This savory tarte tatin is the first recipe I bookmarked when I got my copy of River Cottage Veg and the dish I most anticipated cooking and eating. Hugh Fearnley-Whittingstall's take on the French dessert is the perfect example of the wonders of vegetable cookery. Beets—the candy of the vegetable world—are excellent in the role of apples in this tart. Paired with buttery puff pastry and pungent shallot-parsley vinaigrette, they are sweet and savory all at once. Each bite is a treat.
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You won't miss the meat in this vegetarian biryani from River Cottage Veg. Served with fluffy saffron basmati rice, the base is a richly spiced stew of potatoes, peas, and carrots, fragrant with cardamom, ginger, cumin, cinnamon, and coriander.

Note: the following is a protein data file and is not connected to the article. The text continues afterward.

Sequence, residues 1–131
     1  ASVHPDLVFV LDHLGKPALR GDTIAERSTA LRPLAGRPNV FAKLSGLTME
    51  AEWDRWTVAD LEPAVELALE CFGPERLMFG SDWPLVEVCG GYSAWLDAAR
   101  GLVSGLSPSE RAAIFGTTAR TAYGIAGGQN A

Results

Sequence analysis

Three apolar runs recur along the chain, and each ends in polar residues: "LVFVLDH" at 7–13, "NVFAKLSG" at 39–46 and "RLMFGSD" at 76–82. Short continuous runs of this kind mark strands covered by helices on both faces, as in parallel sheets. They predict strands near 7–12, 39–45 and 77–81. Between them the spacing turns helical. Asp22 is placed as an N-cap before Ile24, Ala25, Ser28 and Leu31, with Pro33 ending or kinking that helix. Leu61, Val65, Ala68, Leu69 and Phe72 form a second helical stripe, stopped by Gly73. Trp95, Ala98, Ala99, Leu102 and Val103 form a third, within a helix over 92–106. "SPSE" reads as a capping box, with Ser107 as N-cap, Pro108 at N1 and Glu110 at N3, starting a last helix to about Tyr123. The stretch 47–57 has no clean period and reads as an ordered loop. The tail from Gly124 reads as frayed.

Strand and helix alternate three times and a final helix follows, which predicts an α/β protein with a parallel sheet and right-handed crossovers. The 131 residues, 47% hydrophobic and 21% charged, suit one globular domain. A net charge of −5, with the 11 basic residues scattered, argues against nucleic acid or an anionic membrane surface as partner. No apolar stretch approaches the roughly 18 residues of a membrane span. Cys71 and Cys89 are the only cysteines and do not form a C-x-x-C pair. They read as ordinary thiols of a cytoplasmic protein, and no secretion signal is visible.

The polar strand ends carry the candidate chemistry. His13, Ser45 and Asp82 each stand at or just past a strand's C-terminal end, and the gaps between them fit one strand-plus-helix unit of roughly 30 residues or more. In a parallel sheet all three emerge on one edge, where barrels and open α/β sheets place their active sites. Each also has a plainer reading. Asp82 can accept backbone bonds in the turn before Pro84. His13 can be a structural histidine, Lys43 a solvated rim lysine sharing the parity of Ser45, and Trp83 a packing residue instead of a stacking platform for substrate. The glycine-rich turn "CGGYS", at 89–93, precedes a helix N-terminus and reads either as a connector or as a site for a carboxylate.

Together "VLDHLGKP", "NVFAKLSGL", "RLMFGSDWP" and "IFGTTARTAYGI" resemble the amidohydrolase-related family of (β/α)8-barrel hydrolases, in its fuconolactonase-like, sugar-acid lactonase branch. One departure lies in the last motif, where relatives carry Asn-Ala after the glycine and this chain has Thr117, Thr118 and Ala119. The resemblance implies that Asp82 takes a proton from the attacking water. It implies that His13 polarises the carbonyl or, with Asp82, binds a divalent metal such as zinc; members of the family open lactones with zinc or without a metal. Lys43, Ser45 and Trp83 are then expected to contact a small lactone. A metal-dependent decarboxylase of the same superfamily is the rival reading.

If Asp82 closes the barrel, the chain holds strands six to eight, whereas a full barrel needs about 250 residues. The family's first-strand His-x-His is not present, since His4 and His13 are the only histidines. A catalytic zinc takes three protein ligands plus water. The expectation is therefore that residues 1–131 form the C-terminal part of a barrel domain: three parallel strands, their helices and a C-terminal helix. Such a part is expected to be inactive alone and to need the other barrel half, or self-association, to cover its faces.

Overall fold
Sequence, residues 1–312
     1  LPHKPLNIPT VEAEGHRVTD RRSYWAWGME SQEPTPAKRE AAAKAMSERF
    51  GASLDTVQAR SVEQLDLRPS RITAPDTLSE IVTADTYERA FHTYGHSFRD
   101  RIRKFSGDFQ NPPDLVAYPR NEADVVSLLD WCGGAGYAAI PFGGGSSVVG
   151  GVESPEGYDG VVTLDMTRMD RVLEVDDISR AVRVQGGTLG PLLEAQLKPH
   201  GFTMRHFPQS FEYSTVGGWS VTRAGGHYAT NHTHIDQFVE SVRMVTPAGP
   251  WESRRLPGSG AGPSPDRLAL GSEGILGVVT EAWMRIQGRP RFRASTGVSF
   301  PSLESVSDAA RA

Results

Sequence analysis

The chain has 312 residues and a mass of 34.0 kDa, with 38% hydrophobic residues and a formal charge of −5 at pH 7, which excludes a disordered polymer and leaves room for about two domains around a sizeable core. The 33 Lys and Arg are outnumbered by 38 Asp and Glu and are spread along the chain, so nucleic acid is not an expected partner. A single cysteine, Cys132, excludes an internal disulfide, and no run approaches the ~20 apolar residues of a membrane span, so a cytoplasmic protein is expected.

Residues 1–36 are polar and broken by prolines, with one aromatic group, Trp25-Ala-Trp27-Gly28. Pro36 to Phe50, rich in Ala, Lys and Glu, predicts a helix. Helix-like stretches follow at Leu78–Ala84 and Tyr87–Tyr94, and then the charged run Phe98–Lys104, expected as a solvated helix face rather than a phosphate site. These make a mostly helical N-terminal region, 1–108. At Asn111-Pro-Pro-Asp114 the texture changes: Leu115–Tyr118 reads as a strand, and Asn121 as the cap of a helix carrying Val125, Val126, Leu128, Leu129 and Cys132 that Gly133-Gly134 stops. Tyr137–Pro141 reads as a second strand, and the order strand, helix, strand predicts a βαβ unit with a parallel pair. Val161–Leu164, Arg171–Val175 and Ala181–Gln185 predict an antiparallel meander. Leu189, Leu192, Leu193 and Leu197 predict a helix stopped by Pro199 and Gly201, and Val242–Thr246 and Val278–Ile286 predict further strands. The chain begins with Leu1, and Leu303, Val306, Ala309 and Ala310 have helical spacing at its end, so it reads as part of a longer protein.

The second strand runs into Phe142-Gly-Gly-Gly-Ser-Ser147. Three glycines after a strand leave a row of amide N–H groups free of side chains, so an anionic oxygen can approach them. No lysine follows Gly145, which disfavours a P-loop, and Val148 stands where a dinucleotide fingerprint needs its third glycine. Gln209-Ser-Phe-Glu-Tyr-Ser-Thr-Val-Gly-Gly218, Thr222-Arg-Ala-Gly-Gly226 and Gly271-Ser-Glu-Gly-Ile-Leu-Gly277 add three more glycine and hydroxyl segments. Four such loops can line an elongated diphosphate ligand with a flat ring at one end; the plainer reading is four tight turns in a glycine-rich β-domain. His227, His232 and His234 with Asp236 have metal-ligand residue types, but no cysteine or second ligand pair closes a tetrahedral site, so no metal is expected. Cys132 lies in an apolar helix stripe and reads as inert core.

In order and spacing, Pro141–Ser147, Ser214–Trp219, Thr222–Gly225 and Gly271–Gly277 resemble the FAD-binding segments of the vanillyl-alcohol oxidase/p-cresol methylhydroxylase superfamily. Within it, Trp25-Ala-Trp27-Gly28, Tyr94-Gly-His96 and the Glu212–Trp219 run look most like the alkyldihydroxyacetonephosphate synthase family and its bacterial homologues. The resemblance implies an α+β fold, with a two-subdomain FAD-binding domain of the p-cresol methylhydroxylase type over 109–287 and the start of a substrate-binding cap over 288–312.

Caponata is one of my favorite dippy things to whip out for summertime entertaining. A tangy sweet-and-sour melange of eggplant, tomatoes, and briny olives, the dish plays well with summer staples like grilled bread, grilled chicken, and grilled...well, anything. This version, from Hugh Fearnley-Whittingstall's version in River Cottage Veg, calls for an ingredient that I'd never thought to include in my caponatas: chocolate.
As Hugh Fearnley-Whittingstall grumbles in River Cottage Veg, arugula has become too popular for its own good. His arugula-fennel-lentil salad is an attempt to celebrate the green on its own merit. Earthy lentils and the crunchy, anise notes of fennel do indeed balance the peppery lettuce, and bright lemon zest enlivens the mix.